Neck and mid-back pain is another common complaint I get from cyclists of all ability levels.  I have noticed most of the athletes I coach experience neck and mid-back pain at the beginning of their first build phase, as their volume increases, or when we transition off of the trainers and back outdoors.  This is due to the amount of increased time spent with our heads looking down the road.  If our neck muscles are accustomed to riding for 1-2 hours and we increase our ride volume to 3-4 hours, you can bet those muscles will be sore and tired post-ride.  This is amplified if you spend the majority of the time riding in an aerodynamic position as the neck extension angle increases.

You can see from the above images what I am talking about; the cyclist on the left is assuming a traditional riding posture with relatively little neck extension compared to the cyclist on the right who really has to crank his head up to see ahead of him.  ALWAYS WEAR YOUR HELMET!!!

How to stretch

  • Ideal best time to stretch statically is POST WORKOUT.
  • Stretches should be held for 30 seconds minimum.  Physiologically, it takes your muscle fibers ~30 seconds to relax enough to make static stretching beneficial and allow the muscle fibers to lengthen.
  • Stretches should be performed in a comfortable range of motion, so no crying because it hurts so much, but you also want to feel like you are doing something too.
  • Alternate each side with each consecutive stretch, so as 1 side is resting, the other side is being stretched.
  • Perform the stretches 2-3 times each.
  • Stretch out 2-3 times daily if you are really having an issue with your neck/mid-back.  For maintenance, or if your neck/mid-back only hurts after an intense or long event/race, once a day is okay.

Pictures of my favorite stretches to help with neck and mid-back pain

Thoracic/Cervical Spine Mobility

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Position 1
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Position 2

Middle Back Stretch

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Lace your fingers together, reach your arms forward, spread your shoulder blades apart, and bring your head down.  You should feel a stretch in your middle back/neck.

Pectoral/Anterior Deltoid Stretch

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Lace your fingers together, bring your shoulder blades together, lift your hands off your buttocks as far as you can comfortably, and bring your head back.  You should feel a stretch in your chest, the front of your shoulders, the front of your neck, and possibly your biceps.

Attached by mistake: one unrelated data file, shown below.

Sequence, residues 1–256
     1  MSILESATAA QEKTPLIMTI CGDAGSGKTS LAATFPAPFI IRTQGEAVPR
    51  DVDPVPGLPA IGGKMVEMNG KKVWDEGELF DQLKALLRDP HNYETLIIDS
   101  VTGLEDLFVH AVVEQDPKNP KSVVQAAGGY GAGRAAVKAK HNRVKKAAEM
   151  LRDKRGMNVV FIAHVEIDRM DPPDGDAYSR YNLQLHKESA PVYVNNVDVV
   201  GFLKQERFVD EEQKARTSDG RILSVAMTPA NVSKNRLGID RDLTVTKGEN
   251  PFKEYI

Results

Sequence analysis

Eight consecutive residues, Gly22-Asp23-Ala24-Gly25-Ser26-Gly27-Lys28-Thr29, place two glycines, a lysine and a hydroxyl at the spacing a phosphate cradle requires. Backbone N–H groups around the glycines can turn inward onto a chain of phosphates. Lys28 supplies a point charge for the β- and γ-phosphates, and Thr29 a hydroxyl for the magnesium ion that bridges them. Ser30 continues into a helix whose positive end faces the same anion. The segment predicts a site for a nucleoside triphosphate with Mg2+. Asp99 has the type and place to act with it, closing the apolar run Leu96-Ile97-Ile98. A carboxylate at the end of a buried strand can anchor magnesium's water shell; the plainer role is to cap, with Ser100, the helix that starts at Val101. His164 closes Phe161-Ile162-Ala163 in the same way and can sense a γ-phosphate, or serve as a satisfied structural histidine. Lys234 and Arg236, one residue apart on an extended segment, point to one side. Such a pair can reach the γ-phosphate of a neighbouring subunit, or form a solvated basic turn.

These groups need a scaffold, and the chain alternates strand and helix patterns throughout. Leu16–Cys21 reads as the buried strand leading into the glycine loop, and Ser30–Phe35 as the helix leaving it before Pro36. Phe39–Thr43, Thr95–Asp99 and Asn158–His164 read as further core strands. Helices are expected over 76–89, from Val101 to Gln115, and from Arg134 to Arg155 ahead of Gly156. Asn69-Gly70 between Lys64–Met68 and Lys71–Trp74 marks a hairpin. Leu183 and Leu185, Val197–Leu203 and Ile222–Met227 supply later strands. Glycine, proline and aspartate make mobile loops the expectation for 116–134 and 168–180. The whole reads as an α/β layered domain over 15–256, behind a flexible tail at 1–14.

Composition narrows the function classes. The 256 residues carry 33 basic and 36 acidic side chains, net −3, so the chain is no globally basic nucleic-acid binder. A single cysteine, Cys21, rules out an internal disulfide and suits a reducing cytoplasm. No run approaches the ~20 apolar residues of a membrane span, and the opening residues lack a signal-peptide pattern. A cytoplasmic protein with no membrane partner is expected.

Latissimus Dorsi Stretch

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Reach both hands towards the ceiling, grab one of your wrists, and gently pull your arm towards the opposite direction while leaning your torso in the same direction.  Try not to stick your hips out, just bend the torso.  You should feel a stretch in your armpit area that may go down to your lower back depending on how tight you are.

Upper Trapezius Stretch

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Place your hand on your head and gently pull your head until a stretch is felt on the opposite side.  Remember to relax your opposite shoulder.

Levator Scapulae Stretch

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Turn your head and look down towards your hip.  Then place your hand on the back of your head and gently pull towards your elbow until a stretch is felt at the back of the neck.  This may go down to your middle back/shoulder depending on how tight you are.  An easy way to cue yourself to do this stretch properly is to imagine you are smelling your arm pit 🙂

For more information on GC Coaching and how we can help you improve your fitness, please visit www.gaffneycyclingcoaching.com

About the Author Shayne Gaffney

Shayne holds a bachelors degree in biology, is a USA Cycling Level 2 Certified Coach, USA Olympic Committee Safe Sport Certified, and a Category 3 road and cyclocross racer. He is the owner of GC Coaching and the creator and director of P2 Cycling. He can be contacted directly via info@gaffneycyclingcoaching.com

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